The potentially revolutionary effect that bone morphogenic proteins (BMPs) could have on orthopaedic surgery has fueled an exhaustive research effort that continues today. Upwards of 1.5 million bone-grafting operations take place in the US annually, with the anterior and posterior iliac crest being the most common donor site for autologous bone graft. Harvesting autologous bone graft, however, is not benign. It is postulated that a synthetic bone graft containing BMPs would possess the characteristics of autologous bone that allow new bone formation: osteogenesis, osteoinduction, and osteoconduction, without the negative repercussions related to bone harvesting. As a result of the ensuing research following their discovery some 40 years ago by Marshall Urist, the basic science behind BMPs has been largely uncovered. New information on BMPs now comes from clinical trials regarding their utility and efficacy in surgical applications. To date, BMPs have been studied in skeletal bone surgery throughout the body, and have been found to be particularly useful in surgical applications such as spinal arthrodesis. Osteogenic protein-1 (OP-1), or recombinant human BMP-7, is one subtype of BMPs that has shown particular potential in clinical trials. Pre-clinical and clinical studies have, thus far, garnered OP-1 a Humanitarian Device Exemption approval for spinal applications in the US. As clinical trials with larger patient numbers and longer clinical follow-up are completed, the usefulness of OP-1 as a bone graft substitute will be better elucidated.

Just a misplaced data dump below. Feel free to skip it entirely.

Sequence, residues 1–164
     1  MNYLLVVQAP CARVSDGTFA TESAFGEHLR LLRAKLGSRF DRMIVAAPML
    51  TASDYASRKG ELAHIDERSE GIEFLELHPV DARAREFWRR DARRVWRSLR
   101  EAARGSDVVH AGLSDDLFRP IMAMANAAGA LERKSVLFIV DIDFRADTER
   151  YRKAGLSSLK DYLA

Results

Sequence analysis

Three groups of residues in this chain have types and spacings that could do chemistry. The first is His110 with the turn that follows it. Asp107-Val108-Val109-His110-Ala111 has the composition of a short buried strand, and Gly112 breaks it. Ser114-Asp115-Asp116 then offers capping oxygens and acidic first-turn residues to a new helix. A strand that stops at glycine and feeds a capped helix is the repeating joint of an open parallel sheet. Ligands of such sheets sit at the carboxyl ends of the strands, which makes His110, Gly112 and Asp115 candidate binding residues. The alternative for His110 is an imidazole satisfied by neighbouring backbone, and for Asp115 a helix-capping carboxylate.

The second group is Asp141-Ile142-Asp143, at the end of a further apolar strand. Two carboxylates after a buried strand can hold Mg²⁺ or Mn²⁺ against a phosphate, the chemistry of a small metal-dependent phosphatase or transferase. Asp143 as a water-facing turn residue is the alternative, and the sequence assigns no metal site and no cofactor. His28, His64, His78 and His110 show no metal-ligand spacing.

ASJC Scopus subject areas
- Pharmacology (medical)